Task paralysis

    Task paralysis involves problems with starting or finishing tasks. Your preteen, teen, or young adult may feel overwhelmed by the demands of an activity, making it difficult for them to even start it. If they do begin, lack of focus may lead to them abandoning the task. 

    Choice/decision paralysis

    Decision paralysis creates a sense of overwhelm when an individual is required to make a choice. Faced with a variety of options, each with its own consequences, your child may fear making the wrong decision. This could lead to several ADHD shutdown symptoms, including procrastination, avoidance, and indecisiveness.     

    Scrolling paralysis

    Scrolling paralysis involves individuals getting caught up in scrolling through pages of online content, including social media. Even if your preteen, teen, or young adult is not interested in the material, they can feel trapped and unable to look away from their laptop or mobile device. This can lead to a sense of being stuck doing nothing. 

    What Causes ADHD Paralysis?

    According to Disner, ADHD paralysis is caused by prioritization issues coupled with a fear of failure. Youths and young adults can feel a sense of overwhelm when faced with a complex task, while the fear that they’ll “screw up” can keep them from getting started. This same fear may also cause them to abandon tasks before completion.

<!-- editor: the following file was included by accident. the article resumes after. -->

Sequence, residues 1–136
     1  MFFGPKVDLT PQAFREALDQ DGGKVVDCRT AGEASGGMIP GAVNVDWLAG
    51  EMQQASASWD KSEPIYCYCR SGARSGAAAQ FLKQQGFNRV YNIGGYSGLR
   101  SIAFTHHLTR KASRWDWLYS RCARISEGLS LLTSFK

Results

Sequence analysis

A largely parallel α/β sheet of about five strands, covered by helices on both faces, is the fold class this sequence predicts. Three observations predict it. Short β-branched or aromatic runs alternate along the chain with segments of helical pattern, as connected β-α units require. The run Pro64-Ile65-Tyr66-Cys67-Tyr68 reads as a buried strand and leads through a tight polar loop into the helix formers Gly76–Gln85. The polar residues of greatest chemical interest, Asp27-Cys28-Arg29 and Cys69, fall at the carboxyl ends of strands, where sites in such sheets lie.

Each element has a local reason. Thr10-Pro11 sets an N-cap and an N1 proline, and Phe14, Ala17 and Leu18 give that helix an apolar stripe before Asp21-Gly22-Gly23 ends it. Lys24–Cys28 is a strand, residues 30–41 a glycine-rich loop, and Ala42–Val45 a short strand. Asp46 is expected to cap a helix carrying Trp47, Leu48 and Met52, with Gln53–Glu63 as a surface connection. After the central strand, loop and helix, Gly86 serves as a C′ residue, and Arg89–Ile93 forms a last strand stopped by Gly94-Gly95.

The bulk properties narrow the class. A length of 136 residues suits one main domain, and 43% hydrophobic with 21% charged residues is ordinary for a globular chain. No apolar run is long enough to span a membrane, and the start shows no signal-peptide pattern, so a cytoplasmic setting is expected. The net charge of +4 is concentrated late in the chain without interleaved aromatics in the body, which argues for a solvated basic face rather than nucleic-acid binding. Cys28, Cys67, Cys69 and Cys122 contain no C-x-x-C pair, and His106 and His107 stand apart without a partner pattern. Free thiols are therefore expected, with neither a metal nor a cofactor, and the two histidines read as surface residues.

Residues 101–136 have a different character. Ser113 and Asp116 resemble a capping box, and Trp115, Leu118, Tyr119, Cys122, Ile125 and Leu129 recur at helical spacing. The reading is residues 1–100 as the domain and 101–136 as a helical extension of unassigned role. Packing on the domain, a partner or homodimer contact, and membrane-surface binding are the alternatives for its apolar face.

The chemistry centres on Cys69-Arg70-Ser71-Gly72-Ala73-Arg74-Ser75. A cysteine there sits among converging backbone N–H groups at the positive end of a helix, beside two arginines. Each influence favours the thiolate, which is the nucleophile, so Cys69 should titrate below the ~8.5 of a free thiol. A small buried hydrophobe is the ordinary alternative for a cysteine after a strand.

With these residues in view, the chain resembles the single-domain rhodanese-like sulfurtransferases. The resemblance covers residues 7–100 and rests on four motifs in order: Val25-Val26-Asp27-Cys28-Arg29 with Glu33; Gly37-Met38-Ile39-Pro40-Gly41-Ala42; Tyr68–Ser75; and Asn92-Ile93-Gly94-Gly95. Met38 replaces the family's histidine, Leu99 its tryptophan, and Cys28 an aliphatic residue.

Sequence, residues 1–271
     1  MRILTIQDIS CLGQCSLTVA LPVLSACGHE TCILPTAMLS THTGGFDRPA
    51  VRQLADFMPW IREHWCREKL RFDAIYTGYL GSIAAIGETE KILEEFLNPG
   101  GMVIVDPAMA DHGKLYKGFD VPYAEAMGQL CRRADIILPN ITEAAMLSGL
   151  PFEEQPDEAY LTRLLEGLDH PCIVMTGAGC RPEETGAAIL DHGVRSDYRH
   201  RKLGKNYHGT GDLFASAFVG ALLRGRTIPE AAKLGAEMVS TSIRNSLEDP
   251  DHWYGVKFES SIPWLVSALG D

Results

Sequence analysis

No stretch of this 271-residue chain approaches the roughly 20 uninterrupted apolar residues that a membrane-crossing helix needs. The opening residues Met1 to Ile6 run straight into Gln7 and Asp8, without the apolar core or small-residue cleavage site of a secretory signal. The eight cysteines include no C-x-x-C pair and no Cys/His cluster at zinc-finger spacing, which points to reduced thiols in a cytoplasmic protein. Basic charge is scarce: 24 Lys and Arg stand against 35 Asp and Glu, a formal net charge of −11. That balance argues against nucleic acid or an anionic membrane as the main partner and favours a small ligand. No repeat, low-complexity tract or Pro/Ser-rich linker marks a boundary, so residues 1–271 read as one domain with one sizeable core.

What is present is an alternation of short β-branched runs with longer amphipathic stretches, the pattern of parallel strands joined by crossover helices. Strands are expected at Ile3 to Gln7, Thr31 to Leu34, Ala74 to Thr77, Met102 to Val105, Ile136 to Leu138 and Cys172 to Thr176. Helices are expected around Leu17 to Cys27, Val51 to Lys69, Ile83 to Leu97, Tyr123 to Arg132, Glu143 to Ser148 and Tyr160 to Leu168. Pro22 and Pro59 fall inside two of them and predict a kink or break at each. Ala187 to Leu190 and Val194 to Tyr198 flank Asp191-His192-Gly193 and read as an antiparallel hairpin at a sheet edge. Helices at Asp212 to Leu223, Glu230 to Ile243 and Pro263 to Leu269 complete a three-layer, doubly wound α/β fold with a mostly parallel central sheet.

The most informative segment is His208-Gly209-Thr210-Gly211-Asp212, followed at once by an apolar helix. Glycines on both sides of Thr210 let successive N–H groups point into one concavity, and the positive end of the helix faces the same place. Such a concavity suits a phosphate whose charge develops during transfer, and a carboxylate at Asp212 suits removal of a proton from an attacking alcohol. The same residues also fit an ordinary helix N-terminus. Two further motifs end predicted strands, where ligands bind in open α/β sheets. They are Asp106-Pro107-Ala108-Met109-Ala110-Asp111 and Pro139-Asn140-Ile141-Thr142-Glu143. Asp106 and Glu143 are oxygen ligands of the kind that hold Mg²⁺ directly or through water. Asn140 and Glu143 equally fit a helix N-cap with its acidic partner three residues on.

Additionally, spending time on preferred tasks, which are usually tasks they can do easily or well, creates changes in brain chemistry because dopamine increases when we feel good about what we’re doing. This can create a feedback loop in the central nervous system that keeps them stuck even though they know they should be doing something else. 

    How Does ADHD Paralysis Affect Young People?

    “When the world is set up for neurotypical people, and you don’t feel like you belong because you’re neurodivergent, it’s common for young people to feel like they don’t belong or they’re not understood,” Disner said regarding how people with ADHD who are seen as different than others experience the world around them.  

    She noted individuals with ADHD can feel very lonely and isolated, leading to: 

    • School issues or refusal: Experiencing task paralysis can be uncomfortable for students with ADHD. To avoid this negative feeling, they may put off studying, avoid school assignments entirely, or struggle with school refusal, not even wanting to go to class.